West Virginians share a unique bond with each other that stays with us no matter where we go. It is the kind of bond that allows us to strike up a 30-minute conversation with a complete stranger simply because they are sporting a “flying WV” logo on their shirt. It is this special, familial bond that keeps us coming back home to those country roads.
So when one West Virginian hurts, we all hurt. On June 23rd, a flash flood devastated the Mountain State. The flood destroyed thousands of homes and businesses, took the lives of at least 26 people, and left an entire state in shock and disbelief. Unimaginable damage still exists throughout most of the state, and the recovery will be a long and painful one.
But from the tragedy and destruction has emerged an incredible force of community that merits considerable attention.
Almost immediately, donations came pouring in from all parts of the country - from West Virginia transplants and fellow Americans alike. Places like St. James Episcopal Church in Greenbrier County - one of the counties that suffered the most - has been a major hub for relief efforts through coordinating donations and volunteers to help with clean-up. Jim Justice, owner of the Greenbrier Resort, opened the doors of the famous hotel up to displaced flood victims. Famous West Virginians like Brad Paisley and Jennifer Garner are using their powerful public personas to bring attention and funds to the relief efforts. Most importantly, neighbors far and wide reached out to West Virginians in need and have donated countless hours, manpower, and energy to helping victims recover.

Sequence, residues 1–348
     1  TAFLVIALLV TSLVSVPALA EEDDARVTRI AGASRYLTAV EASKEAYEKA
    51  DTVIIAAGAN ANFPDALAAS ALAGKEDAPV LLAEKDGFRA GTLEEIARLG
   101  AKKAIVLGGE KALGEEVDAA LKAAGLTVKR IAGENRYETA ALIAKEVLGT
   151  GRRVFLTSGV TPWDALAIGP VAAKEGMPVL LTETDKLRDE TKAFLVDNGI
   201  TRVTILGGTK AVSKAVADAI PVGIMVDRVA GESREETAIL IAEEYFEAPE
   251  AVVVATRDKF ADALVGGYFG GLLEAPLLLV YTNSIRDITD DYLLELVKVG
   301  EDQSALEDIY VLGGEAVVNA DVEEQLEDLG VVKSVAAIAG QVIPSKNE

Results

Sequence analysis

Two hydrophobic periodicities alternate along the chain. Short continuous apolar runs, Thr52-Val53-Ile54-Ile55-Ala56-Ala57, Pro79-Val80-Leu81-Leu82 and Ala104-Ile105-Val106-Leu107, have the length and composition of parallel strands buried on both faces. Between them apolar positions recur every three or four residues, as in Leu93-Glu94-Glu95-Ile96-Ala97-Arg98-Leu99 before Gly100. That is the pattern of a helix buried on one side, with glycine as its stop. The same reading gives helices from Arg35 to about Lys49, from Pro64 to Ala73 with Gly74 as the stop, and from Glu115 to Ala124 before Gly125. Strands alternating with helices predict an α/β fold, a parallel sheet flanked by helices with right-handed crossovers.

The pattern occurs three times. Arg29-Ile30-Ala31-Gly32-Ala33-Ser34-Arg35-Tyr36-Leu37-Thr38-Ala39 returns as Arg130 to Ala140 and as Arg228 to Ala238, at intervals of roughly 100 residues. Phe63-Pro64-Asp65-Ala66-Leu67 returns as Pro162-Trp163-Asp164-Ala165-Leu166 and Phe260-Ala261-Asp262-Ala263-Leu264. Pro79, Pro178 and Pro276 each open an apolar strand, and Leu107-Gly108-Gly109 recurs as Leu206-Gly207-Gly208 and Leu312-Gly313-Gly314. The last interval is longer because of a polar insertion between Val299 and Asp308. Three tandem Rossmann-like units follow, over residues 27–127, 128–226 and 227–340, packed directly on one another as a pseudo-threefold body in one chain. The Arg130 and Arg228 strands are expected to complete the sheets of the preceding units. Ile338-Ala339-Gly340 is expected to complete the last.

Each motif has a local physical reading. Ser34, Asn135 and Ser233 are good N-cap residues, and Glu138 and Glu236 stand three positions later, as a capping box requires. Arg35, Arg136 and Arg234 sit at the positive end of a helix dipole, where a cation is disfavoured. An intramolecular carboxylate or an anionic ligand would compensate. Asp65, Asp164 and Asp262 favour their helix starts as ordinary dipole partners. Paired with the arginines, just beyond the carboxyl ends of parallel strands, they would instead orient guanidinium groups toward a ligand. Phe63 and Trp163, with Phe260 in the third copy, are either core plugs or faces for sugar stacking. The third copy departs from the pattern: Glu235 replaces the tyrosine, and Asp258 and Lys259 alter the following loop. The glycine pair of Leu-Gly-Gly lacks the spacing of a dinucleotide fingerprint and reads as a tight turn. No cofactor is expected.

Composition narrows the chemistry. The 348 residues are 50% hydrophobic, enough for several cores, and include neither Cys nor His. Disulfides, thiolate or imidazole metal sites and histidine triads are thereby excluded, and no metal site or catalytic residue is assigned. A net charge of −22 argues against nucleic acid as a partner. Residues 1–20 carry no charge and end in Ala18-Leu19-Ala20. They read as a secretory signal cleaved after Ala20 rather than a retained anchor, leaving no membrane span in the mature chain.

West Virginia seldom makes the national headlines, and is often marginalized by those unfamiliar to it. But West Virginians stick together. In the face of great despair, West Virginians have shown that the special bond of our community runs deep, is infectious, and stays with us wherever we may go. In a time and place where tragedy can strike every minute from any angle, West Virginia is the leading example of how to fight back.